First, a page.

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  2. It is a beautiful painting but I can totally understand why you’re concerned. I do think that your awareness of the fact it could be problematic will be helpful though. I also feel that there is something to be said for the fact she has suffered disappointment as a child. I know it was horrendous for you all what happened with the panto this year but children who never fail at anything or are never disappointed are supposed to be less equipped to deal with things in later life when they inevitably start to face disappointment.

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    • Thanks very much. I have been talking to her a bit about the amount of time she’s spending on revising for French tests etc to try to encourage her to do a bit less. The extra time she’s putting in probably only accounts for getting an extra question right, which isn’t really worth the stress.
      That is a good point about the disappointment. Life can actually be difficult for kids who have always succeeded at everything. I dread the day she doesn’t get a distinction in a dance exam! Luckily she seems to be coping well with doing her amateur panto rather than the ‘real’ one. x

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  3. Your description of your son could be my son too! He does just enough to get good grades at school but doesn’t like to put in more effort than is necessary. He too does art GCSE and for the last few days I’ve been telling him to do some homework that was due in on Monday. I think he ended up spending 2 hours on Sunday finishing it because he had ignored it for a week. He too has a tendency to prefer maths but he does have a creative side. He’d much rather be spending his time playing Fortnite than be doing his homework!

    It’s interesting to learn about the perfectionism though, my boys are certainly not that, but it’s good to be aware – just in case.

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    • Your son does sound a lot like my son! I think from talking to friends that there are a lot of boys like this. My son actually tries quite hard with his art and doesn’t actually leave it until the last minute, but most of his homework is done the day before it is due in!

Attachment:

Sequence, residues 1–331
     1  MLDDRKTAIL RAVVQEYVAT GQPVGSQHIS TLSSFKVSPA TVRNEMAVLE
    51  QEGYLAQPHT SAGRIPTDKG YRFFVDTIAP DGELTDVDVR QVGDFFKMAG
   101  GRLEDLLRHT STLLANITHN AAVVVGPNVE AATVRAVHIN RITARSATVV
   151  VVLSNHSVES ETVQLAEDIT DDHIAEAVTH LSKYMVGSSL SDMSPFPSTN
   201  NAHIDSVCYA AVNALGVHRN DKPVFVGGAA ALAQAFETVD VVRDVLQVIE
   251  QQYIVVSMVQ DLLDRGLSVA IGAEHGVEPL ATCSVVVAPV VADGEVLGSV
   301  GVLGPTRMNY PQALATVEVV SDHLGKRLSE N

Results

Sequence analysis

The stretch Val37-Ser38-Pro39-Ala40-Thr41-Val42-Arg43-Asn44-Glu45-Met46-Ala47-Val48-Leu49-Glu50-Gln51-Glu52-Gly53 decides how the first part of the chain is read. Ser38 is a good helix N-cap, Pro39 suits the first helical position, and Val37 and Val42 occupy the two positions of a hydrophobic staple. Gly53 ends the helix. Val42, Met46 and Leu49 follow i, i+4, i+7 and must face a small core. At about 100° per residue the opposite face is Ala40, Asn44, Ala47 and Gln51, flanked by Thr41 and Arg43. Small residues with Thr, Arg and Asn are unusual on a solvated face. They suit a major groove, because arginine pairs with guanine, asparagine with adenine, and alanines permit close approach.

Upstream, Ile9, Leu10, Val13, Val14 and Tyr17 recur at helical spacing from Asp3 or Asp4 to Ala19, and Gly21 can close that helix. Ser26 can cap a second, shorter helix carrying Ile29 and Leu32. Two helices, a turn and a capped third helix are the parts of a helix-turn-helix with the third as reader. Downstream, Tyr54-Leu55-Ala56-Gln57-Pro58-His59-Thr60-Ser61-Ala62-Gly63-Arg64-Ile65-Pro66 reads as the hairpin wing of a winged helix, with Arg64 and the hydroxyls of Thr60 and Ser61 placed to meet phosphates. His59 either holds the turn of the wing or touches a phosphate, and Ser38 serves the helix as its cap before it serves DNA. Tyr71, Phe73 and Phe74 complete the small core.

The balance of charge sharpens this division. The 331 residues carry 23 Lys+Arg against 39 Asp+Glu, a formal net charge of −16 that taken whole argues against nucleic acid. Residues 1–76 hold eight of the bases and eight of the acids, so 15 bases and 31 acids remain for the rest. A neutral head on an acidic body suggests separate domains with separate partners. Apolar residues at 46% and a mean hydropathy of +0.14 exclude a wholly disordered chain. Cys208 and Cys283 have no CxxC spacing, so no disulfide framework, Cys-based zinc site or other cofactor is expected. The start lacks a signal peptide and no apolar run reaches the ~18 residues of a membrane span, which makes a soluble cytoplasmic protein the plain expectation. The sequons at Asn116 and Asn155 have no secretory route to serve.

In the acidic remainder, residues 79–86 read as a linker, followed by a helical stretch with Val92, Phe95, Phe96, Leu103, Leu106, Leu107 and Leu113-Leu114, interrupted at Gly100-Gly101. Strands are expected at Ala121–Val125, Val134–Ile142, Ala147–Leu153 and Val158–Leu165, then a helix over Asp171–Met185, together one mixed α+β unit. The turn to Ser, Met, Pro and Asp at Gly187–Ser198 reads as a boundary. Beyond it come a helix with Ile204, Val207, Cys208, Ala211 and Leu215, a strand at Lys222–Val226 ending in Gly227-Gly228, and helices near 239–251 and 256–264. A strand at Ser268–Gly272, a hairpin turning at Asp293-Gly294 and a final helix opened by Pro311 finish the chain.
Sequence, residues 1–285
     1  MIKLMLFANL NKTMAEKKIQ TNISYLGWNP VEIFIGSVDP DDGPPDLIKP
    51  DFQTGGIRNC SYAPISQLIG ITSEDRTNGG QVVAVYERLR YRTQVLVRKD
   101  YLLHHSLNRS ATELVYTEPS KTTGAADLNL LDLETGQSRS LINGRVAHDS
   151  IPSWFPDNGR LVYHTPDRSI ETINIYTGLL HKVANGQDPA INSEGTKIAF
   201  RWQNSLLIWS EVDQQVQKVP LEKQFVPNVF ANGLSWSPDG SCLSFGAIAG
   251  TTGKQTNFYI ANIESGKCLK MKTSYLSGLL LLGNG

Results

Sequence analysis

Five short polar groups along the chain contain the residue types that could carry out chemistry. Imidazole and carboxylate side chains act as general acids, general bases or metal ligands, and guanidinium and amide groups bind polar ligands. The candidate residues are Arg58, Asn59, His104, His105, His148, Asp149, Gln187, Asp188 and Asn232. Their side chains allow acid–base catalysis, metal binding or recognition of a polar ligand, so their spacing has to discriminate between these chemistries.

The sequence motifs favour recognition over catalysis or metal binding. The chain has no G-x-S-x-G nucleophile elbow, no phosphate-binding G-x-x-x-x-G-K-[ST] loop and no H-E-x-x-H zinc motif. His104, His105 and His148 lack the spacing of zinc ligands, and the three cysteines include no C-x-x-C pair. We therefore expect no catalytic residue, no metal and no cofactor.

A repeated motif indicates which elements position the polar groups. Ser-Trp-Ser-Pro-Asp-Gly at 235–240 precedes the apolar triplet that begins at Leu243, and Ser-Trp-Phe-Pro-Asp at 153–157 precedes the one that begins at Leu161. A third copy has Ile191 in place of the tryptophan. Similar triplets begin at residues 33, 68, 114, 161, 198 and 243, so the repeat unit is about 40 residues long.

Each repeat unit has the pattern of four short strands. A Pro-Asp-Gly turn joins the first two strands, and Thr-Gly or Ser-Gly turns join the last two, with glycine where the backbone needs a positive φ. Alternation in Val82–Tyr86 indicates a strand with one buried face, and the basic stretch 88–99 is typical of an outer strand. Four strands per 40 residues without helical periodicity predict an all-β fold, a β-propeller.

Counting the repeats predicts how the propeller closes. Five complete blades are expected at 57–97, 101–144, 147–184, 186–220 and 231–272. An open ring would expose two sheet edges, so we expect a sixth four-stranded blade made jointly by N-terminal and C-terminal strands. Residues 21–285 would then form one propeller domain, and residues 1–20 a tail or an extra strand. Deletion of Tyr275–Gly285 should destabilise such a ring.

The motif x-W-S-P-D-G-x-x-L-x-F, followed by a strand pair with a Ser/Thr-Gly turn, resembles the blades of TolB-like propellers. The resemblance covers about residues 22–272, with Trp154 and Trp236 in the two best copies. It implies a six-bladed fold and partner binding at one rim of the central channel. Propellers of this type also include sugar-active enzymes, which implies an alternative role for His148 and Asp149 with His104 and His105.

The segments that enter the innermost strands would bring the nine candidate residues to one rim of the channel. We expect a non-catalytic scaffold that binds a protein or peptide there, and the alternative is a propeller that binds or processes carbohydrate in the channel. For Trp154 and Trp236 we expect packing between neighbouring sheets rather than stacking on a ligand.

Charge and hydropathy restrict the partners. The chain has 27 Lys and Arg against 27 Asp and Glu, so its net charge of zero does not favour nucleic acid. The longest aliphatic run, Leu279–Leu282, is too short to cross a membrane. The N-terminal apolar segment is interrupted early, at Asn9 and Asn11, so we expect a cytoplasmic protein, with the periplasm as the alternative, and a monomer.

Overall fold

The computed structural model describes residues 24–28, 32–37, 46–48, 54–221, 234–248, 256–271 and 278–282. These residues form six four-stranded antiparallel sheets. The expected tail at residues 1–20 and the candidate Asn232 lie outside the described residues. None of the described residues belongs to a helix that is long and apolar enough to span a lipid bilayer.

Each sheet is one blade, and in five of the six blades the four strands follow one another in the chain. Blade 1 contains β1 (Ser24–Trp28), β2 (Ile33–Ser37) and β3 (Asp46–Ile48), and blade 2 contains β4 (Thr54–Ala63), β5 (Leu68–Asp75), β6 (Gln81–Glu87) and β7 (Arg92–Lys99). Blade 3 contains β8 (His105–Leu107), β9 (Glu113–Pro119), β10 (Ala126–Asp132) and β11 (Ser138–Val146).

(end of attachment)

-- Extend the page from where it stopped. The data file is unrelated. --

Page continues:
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  4. My eldest is a classic perfectionist and this is at the root of her mental health problems. It was spotted a good few years ago now but unfortunately she was too low for any therapist to be able to help her with it. She really does need some help to unravel those tendencies. We were told to allow her to fail sometimes, so that she can see that she can pick herself back up and carry on. Her default mechanism is to do what your daughter said – screw it all up and never do it again. I think that’s where her ‘all or nothing’ tendencies come from – unless she’s excellent at something, she cannot bring herself to do it at all. It’s a tough one that’s for sure but at least you can see it. As you say, keep an eye on it. xx

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    • Thanks very much! I must say I did think of your daughter when I was listening to the talk. My daughter does put an awful lot of time into her homework, but the one advantage she’s got is that she will try (and keep trying) with things she’s not brilliant at. So she’s not on the school netball team, but she still goes to netball practice and works hard at it, with the aim of making the team at some point in the future. X

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  5. You make such a valid point about the mental health issues caused by perfectionists. It is true that if they worry less about the work, it probably is a good thing. But it can be tricky to find that balance. I have one that is so much of a slacker that he barely gets by and one that works hard but I don’t think he is a perfectionist. I guess as a parent, you just have to keep a close eye on them and make sure that you intervene either way if you are worried. Great post and definitely food for thought

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    • Thanks very much! I would certainly like my eldest to work a bit harder, he is like your son that barely gets by and I think he may end up disappointed by his A Level results. But I was very pleased with the way he took his GCSEs in his stride. I would definitely prefer a child who gets grades slightly lower, but they’re happy and healthy.